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Making ethanol fuel from CO2 may be viable

Discussion in 'Education & Research' started by VCheng, Oct 19, 2016.

  1. VCheng

    VCheng RIDER REGISTERED

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    This has the potential of being a breakthrough advance:

    http://onlinelibrary.wiley.com/doi/10.1002/slct.201601169/full

    High-Selectivity Electrochemical Conversion of CO2 to Ethanol using a Copper Nanoparticle/N-Doped Graphene Electrode
    Authors

    Abstract


    Though carbon dioxide is a waste product of combustion, it can also be a potential feedstock for the production of fine and commodity organic chemicals provided that an efficient means to convert it to useful organic synthons can be developed. Herein we report a common element, nanostructured catalyst for the direct electrochemical conversion of CO2 to ethanol with high Faradaic efficiency (63 % at −1.2 V vs RHE) and high selectivity (84 %) that operates in water and at ambient temperature and pressure. Lacking noble metals or other rare or expensive materials, the catalyst is comprised of Cu nanoparticles on a highly textured, N-doped carbon nanospike film. Electrochemical analysis and density functional theory (DFT) calculations suggest a preliminary mechanism in which active sites on the Cu nanoparticles and the carbon nanospikes work in tandem to control the electrochemical reduction of carbon monoxide dimer to alcohol.

    Introduction
    Closing the carbon cycle by utilizing CO2 as a feedstock for currently used commodities, in order to displace a fossil feedstock, is an appropriate intermediate step towards a carbon-free future. Direct electrochemical conversion of CO2 to useful products has been under investigation for a few decades. Metal-based catalysts, such as copper,[1] platinum,[2] iron,[3] tin,[4] silver,[5] and gold,[6] along with carbons such as g-C3N4 [7] have been the primary focus for CO2 reduction, with some very high Faradaic efficiencies for methane conversion. Copper is arguably the best-known metal catalyst for electrochemical CO2 reduction,[8] capable of electrochemically converting CO2 into more than 30 different products,[9] including carbon monoxide (CO), formic acid (HCOOH), methane (CH4) and ethylene (C2H4) or ethane (C2H6), but efficiency and selectivity for any product heavier than methane are far too low for practical use.[10] Competing reactions limit the yield of any one liquid product to single-digit percentages.[8]

    .............................


    Conclusion
    We report an electrocatalyst which operates at room temperature and in water for the electroreduction of dissolved CO2 with high selectivity for ethanol. The overpotential (which might be lowered with the proper electrolyte, and by separating the hydrogen production to another catalyst) probably precludes economic viability for this catalyst, but the high selectivity for a 12-electron reaction suggests that nanostructured surfaces with multiple reactive sites in close proximity can yield novel reaction mechanisms. This suggests that the synergistic effect from interactions between Cu and CNS presents a novel strategy for designing highly selective electrocatalysts. While the entire reaction mechanism has not yet been elucidated, further details would be revealed from conversion of potential intermediates (e. g. CO, formic acid and acetaldehyde) in future work.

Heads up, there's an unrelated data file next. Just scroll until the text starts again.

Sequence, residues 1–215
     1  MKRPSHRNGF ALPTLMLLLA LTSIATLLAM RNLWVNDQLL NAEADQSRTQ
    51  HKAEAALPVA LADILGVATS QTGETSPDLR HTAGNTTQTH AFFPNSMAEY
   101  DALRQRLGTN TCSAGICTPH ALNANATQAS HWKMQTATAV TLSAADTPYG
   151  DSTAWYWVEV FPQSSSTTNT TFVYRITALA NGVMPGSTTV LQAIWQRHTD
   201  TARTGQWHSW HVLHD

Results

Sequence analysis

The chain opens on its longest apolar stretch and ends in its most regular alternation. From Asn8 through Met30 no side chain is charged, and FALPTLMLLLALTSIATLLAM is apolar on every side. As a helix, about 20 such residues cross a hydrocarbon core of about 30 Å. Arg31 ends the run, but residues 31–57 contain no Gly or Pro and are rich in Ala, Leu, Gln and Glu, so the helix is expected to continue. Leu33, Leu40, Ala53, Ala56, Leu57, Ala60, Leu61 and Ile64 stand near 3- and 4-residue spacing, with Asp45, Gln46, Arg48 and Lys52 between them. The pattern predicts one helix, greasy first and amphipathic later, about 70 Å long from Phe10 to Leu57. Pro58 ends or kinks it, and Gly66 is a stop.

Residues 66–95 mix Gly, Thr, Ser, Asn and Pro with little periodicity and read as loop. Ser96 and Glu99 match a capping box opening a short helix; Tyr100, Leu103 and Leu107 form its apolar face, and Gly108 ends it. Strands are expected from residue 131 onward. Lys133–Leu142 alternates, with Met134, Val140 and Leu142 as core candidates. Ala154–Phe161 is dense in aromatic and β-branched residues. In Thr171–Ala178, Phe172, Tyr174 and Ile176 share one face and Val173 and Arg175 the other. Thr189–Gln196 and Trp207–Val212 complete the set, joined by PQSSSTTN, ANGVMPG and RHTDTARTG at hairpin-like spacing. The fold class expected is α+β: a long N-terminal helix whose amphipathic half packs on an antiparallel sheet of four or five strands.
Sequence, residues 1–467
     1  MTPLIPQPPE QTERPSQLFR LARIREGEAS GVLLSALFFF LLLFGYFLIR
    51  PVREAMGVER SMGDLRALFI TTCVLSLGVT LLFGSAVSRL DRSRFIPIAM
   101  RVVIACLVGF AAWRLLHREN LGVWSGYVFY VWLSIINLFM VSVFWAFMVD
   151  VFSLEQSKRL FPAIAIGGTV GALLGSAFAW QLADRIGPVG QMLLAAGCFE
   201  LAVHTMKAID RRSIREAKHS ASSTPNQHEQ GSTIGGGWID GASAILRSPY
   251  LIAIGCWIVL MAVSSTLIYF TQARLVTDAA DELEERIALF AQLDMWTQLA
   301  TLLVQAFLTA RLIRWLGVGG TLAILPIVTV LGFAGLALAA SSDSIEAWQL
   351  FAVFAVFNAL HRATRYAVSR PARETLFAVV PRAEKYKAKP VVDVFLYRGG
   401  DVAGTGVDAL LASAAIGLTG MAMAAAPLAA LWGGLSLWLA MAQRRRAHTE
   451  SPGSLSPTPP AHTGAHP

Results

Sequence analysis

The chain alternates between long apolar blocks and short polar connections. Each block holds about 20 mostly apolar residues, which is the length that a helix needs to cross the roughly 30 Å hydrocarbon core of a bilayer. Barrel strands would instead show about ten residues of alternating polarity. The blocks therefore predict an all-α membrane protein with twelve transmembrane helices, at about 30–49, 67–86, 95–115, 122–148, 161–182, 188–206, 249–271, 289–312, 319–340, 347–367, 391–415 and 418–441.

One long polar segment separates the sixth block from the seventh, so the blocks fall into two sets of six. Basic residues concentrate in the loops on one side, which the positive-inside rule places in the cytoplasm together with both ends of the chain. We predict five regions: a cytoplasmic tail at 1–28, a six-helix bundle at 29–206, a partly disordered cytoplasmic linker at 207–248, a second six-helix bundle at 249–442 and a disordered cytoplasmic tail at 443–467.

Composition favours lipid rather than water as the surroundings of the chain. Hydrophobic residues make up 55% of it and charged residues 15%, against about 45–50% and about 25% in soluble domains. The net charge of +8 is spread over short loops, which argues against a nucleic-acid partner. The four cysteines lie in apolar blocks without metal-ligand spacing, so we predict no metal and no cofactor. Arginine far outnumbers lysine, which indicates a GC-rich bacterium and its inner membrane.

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  2. Inactive

    Inactive Guest

    Are you working in this field? I think we are already into hybrid fuel. I recall India allowing for the same a few years back.
     
  3. VCheng

    VCheng RIDER REGISTERED

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    No. I just read widely. Jack of many trades, master of only a few. :D
     
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  4. Inactive

    Inactive Guest


    Ditto ... we must share notes ... may head to states side in May on leisure trip:coffee:
     
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  5. VCheng

    VCheng RIDER REGISTERED

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    Give me a heads up if you can.
     
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  6. Himanshu Pandey

    Himanshu Pandey Don't get mad, get even. STAR MEMBER

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    is it economically viable.. as we are still not running a single plant for coal to deisel... this may be not implemented in a India any time soon.

    and with all those sugar mills making ethenol which is economic and cheap.. I don't think there is even a need for this right now.

    but yes a tech like this is good.
     
  7. VCheng

    VCheng RIDER REGISTERED

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    It is still a pilot study and not economically viable at the small scale. But the authors have identified areas where improvements will result in better viability, specially if scaled up.
     
  8. Himanshu Pandey

    Himanshu Pandey Don't get mad, get even. STAR MEMBER

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    hope it just don't become another gold mining cabbage thing.
     
  9. VCheng

    VCheng RIDER REGISTERED

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    At least the paper was not sourced from the Agha Waqar Institute of Wondrous Pakistanian Technology, thank heavens for that! :D
     
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